Bardenay is the nation's first restaurant distillery. Their distillery equipment is proudly encased in a glass viewing area as guests enter the restaurant. The staff was attentive and friendly and the food was really good. My sweet potato and black bean chimichanga was actually delicious and inspired me to play with this combination of ingredients in my own kitchen. The restaurant was very lively during lunch and the tables were well distanced. My only qualm was that our waiter wore his mask half-ass with his nose fully exposed the entire time. Overall, this is a solid lunch option while scoping out the area but check it out once we all move past this virus or when the restaurant better trains their staff on proper safety guidelines.
The Coeur D'Alene Resort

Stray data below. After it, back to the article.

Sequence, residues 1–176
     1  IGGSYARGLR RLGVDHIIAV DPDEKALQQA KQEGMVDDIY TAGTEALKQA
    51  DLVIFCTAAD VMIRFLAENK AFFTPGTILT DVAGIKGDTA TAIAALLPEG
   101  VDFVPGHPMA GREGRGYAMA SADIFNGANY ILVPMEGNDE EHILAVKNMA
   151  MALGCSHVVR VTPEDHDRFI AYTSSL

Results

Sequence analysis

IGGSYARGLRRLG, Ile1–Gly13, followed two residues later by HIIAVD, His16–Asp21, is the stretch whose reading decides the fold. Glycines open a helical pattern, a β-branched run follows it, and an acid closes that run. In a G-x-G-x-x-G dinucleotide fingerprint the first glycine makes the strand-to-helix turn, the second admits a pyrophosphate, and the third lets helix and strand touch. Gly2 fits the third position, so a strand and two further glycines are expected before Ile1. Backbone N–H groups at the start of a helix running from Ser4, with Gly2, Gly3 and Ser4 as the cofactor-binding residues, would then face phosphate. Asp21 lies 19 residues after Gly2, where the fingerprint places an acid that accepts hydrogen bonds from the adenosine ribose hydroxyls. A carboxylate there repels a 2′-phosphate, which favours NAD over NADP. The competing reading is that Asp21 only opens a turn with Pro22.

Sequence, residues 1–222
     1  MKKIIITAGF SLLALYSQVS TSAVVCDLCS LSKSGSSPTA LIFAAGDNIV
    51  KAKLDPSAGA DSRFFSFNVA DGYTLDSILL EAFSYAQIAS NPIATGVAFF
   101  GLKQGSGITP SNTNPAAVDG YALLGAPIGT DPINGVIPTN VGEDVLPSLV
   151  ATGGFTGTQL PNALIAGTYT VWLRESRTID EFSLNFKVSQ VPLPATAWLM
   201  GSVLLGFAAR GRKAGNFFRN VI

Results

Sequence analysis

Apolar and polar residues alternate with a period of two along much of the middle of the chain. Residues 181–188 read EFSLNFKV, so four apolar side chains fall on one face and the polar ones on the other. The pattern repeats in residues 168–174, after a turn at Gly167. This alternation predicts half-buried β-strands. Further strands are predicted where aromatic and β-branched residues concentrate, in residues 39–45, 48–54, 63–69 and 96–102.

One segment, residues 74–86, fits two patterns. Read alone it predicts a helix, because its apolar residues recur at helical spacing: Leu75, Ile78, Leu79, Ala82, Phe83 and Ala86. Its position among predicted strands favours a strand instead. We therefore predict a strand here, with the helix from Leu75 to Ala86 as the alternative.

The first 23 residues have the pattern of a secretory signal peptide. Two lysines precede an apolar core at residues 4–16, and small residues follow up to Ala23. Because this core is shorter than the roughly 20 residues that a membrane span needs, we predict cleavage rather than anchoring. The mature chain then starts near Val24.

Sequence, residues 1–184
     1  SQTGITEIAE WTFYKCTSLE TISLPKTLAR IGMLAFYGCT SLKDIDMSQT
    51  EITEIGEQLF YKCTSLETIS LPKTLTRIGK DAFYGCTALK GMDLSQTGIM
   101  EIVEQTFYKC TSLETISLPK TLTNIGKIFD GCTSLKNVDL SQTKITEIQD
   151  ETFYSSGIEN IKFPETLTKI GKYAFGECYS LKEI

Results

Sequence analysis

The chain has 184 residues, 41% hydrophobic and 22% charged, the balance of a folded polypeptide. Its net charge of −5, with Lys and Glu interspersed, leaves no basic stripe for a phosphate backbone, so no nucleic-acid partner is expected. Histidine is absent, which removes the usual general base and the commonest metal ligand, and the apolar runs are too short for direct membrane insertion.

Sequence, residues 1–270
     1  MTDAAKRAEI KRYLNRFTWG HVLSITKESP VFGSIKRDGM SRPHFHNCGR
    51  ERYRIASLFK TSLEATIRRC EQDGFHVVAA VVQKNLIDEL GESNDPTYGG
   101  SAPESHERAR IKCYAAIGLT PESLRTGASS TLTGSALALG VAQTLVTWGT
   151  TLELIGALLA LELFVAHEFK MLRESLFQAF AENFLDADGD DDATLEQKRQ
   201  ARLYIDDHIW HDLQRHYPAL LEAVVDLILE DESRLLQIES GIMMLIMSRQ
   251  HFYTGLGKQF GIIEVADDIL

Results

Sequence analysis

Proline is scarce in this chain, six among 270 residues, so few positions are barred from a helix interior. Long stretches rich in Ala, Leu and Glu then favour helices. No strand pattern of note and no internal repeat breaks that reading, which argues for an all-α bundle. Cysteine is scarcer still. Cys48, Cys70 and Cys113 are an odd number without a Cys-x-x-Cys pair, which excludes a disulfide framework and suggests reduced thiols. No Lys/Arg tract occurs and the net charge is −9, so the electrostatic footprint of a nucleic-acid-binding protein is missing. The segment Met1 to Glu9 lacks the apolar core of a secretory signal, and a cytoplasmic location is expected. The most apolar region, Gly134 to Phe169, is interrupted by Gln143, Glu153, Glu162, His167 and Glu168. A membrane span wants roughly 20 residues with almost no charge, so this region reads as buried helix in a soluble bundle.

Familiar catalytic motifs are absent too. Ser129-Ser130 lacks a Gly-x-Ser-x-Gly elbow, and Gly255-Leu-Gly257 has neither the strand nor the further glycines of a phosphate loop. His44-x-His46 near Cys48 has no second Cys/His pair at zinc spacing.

This upscale hotel overlooking the town's alpine lake is an extremely popular lodging choice for those visiting the area who want dazzling views, an easy walk to downtown Coeur D'Alene and a full-service hotel. When we visited, the resort was elegantly decorated for the holiday season. The hotel is well-known for its annual holiday light show ceremony which was canceled this year due to the rampant virus. Despite not having a large ceremony this year, the spectacular lights continued to light up the grounds of the property drawing in many visitors. The lobby is modern and quite striking with ample seating areas, many by a roaring fire. It was crowded when we arrived. Most visitors were dutifully wearing their masks, but not all. There is a thermal scanner station that checks the temperature of all those who enter the hotel which we noted and appreciated. The check-in desks were pretty hopping proving once more that many are opting to continue traveling despite the health crisis. They have an extremely attractive outdoor area with plastic igloos for those who would like to dine privately overlooking the lit-up lake. Really, the hotel is simply put a great option for lodging, dining, or sipping cocktails during happy hour in one of their many bars.